Saudi Arabia’s King Salman has signed off a massive 29.9 billion riyals investment project to boost the health and education sectors and meet the kingdom’s ambitious Vision 2030.
King Salman and Crown Prince Mohammed bin Salman on Wednesday evening listened to the briefings on the 360 new projects as well as the 921 other projects already underway or completed at an additional cost of 52.3 billion riyals, bringing the total investment to over 80 billion riyals.
They include the development of seven medical cities and hospitals, 14 projects in the electricity sector, several sports cities, a large museum in Riyadh and 15 housing projects that aims to increase private ownership of property, according to the Saudi Press Agency.
It will also spend heavily to improve the capital’s infrastructure and transportation links, including expanding roads and airports. It will also boost entertainment facilities in the capital.
The new development is expected to create thousands of jobs opportunities for both men and women.
Speaking during the ceremony, Prince Faisal bin Bandar, the governor of Riyadh, said the “kingdom is witnessing a boost in development that will establish Vision 2030 and will shape the future of the nation and its people.”
Prince Faisal added that “the Kingdom’s position is being strengthened by investing its vast potential and capabilities in order to establish a promising future.”
Prince Mohammed announced the Vision 2030 program in 2016. The huge economic reform plan has set the kingdom on a course of rapid transformation that aims to diversify the Kingdom's economy away from oil and achieve massive gains in various metrics of development. In health, for example, the kingdom is aiming to raise the life expectancy from 74 years old to 80 by 2030 and is undertaking a total reform of the medical sector to focus on prevention of illness over treatment.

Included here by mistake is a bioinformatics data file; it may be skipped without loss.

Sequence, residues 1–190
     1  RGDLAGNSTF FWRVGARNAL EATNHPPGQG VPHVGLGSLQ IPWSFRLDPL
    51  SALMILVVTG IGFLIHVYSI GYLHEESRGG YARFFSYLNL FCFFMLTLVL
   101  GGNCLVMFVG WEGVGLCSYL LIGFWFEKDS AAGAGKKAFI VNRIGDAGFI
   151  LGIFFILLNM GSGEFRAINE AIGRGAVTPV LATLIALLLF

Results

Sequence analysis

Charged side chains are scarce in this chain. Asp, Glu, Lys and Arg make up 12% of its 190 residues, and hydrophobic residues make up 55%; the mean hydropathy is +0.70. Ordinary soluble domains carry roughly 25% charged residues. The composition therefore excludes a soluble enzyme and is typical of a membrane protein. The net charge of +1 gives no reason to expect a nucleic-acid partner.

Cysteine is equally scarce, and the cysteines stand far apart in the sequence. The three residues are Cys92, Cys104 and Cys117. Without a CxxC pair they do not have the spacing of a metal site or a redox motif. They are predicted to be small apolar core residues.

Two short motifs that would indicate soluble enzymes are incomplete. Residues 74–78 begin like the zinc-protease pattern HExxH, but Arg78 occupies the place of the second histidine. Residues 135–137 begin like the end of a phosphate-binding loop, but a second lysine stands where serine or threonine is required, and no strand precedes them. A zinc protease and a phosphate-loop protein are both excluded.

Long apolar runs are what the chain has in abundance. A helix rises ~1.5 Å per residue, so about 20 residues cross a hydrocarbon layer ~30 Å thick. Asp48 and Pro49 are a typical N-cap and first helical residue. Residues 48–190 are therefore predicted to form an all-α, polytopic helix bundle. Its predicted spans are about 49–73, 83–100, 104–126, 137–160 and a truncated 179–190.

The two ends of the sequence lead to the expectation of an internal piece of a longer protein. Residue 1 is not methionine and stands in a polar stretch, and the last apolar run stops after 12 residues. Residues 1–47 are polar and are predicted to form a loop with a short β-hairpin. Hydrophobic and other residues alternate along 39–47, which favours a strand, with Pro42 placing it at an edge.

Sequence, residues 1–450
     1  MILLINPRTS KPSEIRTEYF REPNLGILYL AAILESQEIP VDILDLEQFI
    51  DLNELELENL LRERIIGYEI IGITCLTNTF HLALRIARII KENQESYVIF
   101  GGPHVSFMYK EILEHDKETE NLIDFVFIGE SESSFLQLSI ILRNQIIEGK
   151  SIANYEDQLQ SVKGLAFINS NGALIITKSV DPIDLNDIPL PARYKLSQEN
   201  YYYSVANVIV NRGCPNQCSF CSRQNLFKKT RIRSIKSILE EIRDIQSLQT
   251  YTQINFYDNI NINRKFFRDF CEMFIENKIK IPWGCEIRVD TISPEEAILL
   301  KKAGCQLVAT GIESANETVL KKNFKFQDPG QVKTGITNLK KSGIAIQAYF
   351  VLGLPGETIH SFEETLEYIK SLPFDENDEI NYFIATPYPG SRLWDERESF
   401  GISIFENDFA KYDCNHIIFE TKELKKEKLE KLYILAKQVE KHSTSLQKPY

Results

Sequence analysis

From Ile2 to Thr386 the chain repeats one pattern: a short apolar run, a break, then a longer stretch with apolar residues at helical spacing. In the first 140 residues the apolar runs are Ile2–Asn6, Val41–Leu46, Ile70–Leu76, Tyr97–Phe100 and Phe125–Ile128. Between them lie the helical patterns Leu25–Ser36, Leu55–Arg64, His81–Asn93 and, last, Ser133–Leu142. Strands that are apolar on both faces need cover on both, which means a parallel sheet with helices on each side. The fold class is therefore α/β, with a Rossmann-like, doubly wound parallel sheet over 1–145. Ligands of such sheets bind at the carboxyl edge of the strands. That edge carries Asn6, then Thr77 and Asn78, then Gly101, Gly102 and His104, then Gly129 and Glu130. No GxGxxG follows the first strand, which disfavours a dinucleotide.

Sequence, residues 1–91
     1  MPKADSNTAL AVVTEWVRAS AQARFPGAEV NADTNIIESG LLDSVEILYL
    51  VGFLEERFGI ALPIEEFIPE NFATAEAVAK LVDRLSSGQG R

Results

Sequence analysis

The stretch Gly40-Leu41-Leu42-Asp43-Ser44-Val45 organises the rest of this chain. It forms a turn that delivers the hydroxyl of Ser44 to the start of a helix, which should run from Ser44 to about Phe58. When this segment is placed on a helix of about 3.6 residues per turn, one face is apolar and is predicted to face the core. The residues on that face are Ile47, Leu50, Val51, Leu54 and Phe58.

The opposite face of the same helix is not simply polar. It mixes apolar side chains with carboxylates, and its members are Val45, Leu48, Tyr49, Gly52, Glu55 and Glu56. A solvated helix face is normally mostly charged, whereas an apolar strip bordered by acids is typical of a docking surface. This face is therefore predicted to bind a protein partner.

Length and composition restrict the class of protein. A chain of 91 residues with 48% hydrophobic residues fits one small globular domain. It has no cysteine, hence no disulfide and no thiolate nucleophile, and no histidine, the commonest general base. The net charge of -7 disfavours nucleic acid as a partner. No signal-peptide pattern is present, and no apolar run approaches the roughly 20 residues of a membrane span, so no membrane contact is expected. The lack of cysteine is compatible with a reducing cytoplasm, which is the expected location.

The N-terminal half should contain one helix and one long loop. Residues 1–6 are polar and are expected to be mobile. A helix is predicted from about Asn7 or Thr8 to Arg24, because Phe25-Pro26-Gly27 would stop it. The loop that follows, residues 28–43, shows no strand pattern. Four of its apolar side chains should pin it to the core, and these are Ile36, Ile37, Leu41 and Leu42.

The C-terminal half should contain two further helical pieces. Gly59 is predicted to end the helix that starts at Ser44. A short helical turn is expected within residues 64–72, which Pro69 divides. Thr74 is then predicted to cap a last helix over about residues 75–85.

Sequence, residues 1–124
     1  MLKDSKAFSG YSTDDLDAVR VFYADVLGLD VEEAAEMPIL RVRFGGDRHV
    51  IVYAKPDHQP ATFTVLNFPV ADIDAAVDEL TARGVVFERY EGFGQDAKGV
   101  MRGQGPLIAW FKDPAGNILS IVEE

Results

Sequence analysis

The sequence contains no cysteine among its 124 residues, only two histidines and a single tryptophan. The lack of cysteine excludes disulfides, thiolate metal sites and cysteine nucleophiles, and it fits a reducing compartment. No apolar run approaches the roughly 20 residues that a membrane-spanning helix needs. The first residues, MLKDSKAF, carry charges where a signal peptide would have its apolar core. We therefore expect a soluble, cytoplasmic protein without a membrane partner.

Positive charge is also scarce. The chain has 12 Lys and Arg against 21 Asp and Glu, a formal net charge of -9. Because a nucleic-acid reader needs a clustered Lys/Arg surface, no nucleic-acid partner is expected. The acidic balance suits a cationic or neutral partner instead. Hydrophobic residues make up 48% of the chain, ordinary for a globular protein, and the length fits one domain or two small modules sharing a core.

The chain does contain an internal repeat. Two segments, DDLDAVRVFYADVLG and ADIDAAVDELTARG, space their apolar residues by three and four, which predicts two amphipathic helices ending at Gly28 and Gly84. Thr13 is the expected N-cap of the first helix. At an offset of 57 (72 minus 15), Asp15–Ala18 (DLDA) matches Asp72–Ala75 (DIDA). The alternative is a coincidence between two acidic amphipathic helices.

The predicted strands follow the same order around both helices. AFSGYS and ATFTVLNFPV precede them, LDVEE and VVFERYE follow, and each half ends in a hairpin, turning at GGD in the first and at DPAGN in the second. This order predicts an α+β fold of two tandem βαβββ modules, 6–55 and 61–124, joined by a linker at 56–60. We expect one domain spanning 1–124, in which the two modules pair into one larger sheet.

Vision 2030 also aims to increase thousands of jobs, especially for women who for decades have been underrepresented in the workforce due to strict religious rules and cultural norms.
The development of an entertainment industry is expected to see household spending on domestic cultural activities from the 2015 level of 2.9 per cent to 6 per cent by 2020.
During the meeting to unveil the additional funding, King Salman signed a royal pardon for the release those charged with smaller financial offences. He said the government would pay off the debts for those who owe less than $266,000.
The move comes just days after the king also announced a plan to help private sector firms unable to pay expat residency permit fees. The plan will see the government cover the costs for 2017 and 2018, expected to cost around $3.1 billion, and is intended to help boost the kingdom’s private sector – a central pillar of Vision 2030.
King Salman served as governor of Riyadh for five decades, during which the capital grew from a small city of clay houses to a metropolis with skyscrapers, shopping malls and modern infrastructure.